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Berlin, Nov 1 (EFE).- Whistle-blower Edward Snowden has offered to cooperate with German prosecutors and lawmakers in their effort to clear up all the details of the U.S. government's electronic spying on Berlin.
The former U.S. intelligence contractor made the offer in a letter to German Chancellor Angela Merkel.
Copies of that missive were distributed Friday to the press by German Green party lawmaker Hans-Christian Ströbele, who met the day before with Snowden in Moscow and agreed to deliver the document to Merkel.
Snowden, who obtained asylum in Russia after exposing the U.S. National Security Agency's targeting of the telephonic and Internet communications of tens of millions of private citizens in the United States and abroad, suggested he would be willing to appear before prosecutors or lawmakers in Germany.
But his Russian lawyer said Friday that Snowden could not leave Russia without jeopardizing his asylum status and risking extradition to the United States, where he faces charges under the 1917 Espionage Act.
Even so, Snowden's offer of help has provided a new twist in the controversy that erupted in Germany last week after it emerged that Merkel had been the target of spying, possibly by the U.S. Embassy in Berlin.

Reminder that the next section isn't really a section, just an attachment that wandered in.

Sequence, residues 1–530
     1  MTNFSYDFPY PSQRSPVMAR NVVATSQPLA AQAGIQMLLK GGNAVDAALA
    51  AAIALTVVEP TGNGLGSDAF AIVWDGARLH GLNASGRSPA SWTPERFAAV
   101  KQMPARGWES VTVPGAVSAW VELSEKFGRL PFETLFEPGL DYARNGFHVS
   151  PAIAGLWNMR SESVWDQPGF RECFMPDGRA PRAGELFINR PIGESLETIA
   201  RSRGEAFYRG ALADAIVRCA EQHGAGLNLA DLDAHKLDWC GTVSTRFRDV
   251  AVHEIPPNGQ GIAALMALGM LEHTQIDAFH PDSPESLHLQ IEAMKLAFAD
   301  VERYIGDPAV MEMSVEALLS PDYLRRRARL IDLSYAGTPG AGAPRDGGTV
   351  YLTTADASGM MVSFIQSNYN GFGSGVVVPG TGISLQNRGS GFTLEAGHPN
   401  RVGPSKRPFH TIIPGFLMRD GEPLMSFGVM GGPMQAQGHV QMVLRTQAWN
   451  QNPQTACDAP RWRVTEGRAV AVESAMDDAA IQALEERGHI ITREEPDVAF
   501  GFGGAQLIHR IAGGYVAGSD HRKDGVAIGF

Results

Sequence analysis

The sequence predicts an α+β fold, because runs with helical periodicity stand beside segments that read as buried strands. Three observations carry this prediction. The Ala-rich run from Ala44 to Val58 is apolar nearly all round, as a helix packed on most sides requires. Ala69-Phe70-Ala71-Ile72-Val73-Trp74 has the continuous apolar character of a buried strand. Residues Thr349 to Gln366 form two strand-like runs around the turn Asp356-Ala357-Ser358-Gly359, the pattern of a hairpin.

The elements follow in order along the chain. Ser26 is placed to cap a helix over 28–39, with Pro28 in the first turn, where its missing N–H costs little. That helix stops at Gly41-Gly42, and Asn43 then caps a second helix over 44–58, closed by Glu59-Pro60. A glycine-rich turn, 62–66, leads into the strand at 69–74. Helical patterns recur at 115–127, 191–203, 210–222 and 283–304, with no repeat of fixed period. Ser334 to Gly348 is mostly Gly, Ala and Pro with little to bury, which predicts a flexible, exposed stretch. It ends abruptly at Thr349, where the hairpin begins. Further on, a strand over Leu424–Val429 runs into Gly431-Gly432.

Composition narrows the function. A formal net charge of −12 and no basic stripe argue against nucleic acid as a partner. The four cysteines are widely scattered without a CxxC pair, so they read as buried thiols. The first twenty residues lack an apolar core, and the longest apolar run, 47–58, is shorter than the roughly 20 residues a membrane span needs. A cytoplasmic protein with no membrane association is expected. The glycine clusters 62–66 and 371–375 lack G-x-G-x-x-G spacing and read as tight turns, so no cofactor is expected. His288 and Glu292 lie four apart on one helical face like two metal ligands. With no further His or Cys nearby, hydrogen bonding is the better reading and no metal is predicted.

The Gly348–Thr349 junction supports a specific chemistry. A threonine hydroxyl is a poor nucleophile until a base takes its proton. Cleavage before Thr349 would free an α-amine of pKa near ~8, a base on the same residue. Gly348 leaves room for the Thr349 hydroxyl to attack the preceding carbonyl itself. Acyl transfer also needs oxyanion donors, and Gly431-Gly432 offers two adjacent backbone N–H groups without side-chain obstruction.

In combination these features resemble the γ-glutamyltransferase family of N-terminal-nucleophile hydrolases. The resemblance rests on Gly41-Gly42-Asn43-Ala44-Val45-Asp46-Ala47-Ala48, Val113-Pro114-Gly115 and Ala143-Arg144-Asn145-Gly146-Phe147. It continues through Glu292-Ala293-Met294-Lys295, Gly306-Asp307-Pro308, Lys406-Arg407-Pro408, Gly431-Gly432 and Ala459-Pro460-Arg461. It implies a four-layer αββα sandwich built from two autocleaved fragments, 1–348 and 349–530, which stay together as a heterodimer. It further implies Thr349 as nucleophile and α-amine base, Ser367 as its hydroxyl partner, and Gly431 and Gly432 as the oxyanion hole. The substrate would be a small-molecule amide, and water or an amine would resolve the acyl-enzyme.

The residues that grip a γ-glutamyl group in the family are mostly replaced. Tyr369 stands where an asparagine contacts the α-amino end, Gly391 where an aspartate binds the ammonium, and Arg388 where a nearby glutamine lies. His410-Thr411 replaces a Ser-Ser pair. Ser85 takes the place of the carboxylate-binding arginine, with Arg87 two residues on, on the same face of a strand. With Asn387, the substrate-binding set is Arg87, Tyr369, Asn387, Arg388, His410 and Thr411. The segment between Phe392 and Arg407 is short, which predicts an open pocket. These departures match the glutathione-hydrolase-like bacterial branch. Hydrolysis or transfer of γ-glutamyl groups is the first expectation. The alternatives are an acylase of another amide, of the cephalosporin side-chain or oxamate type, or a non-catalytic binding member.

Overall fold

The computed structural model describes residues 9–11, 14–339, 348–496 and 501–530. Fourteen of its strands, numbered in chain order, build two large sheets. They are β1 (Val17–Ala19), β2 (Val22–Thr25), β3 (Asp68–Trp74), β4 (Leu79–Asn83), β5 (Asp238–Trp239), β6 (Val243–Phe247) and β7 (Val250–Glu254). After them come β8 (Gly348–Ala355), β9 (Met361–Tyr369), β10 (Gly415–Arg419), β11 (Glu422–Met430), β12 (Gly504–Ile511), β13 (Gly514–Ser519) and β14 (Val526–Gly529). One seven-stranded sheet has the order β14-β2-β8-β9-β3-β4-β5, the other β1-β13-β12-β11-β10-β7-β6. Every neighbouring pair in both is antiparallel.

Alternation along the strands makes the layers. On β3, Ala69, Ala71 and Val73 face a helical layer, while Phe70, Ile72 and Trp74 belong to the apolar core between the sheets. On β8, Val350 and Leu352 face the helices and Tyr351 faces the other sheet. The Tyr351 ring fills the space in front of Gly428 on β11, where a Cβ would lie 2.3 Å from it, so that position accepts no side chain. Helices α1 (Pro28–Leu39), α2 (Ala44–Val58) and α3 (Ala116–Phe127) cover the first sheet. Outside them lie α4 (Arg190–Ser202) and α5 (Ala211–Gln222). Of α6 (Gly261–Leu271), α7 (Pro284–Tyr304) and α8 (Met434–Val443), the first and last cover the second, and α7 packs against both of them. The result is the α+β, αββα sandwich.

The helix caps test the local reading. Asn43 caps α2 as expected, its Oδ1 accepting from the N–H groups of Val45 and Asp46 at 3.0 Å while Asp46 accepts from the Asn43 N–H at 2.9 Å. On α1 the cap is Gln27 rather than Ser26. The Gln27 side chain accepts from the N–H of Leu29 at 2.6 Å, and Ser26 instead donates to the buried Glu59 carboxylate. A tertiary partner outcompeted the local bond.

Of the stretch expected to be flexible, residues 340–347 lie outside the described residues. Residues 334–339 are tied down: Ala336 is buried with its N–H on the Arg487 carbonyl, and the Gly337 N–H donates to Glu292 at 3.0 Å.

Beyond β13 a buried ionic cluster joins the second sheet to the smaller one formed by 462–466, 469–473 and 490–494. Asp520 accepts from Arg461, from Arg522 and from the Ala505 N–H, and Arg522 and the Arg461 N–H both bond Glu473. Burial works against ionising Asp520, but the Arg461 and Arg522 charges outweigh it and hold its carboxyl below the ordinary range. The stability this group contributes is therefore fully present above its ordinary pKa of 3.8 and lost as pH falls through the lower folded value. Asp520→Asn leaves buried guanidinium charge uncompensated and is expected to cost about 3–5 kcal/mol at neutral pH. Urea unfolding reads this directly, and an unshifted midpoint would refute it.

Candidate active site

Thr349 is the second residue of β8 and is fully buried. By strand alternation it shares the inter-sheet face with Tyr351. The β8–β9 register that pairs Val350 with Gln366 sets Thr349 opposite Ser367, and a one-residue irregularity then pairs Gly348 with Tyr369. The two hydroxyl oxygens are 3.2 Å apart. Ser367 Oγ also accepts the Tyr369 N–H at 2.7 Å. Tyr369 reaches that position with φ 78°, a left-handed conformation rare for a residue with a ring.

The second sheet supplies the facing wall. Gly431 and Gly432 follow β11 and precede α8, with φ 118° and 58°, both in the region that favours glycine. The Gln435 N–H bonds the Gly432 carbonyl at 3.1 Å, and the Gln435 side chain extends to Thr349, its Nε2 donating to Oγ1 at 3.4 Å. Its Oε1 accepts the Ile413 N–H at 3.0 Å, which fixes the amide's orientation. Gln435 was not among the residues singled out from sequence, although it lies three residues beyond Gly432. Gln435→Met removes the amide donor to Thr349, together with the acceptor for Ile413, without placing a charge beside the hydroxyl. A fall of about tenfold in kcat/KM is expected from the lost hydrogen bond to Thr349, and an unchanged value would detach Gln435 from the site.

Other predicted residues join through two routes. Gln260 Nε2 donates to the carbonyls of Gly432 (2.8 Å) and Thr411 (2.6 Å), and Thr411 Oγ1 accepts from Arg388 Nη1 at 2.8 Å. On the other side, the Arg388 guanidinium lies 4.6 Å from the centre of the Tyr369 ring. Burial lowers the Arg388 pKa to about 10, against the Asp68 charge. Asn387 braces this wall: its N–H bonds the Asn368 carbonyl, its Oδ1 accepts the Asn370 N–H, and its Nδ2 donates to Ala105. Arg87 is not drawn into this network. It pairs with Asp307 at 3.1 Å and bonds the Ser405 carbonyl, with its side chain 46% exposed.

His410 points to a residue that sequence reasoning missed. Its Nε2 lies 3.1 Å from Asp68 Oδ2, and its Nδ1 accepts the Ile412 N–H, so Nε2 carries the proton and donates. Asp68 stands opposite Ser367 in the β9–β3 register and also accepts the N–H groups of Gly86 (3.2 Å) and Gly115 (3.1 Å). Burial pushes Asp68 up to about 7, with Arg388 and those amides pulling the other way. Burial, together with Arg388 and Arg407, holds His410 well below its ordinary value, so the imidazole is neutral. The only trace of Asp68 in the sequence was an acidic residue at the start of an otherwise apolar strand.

The German government on Friday cautiously welcomed Snowden offer.
Berlin "will find the way to make this conversation possible once Snowden is ready," Interior Minister Hans-Peter Friedrich said.
Shortly afterward, the government's spokesman, Steffen Seibert, qualified that statement.
The government does not meddle in the formation of parliamentary commissions or potential judicial processes because that falls outside the scope of its authority, Seibert said.
The co-chair of the parliamentary panel that oversees Germany's intelligence services said he favored seeking a way for Snowden to assist Berlin.
"If there's a possibility of hearing Snowden as a witness - without putting him in danger and without completely ruining relations between Germany and the United States - we should do it," Thomas Oppermann, a senior member of the main opposition Social Democrats, said on Twitter.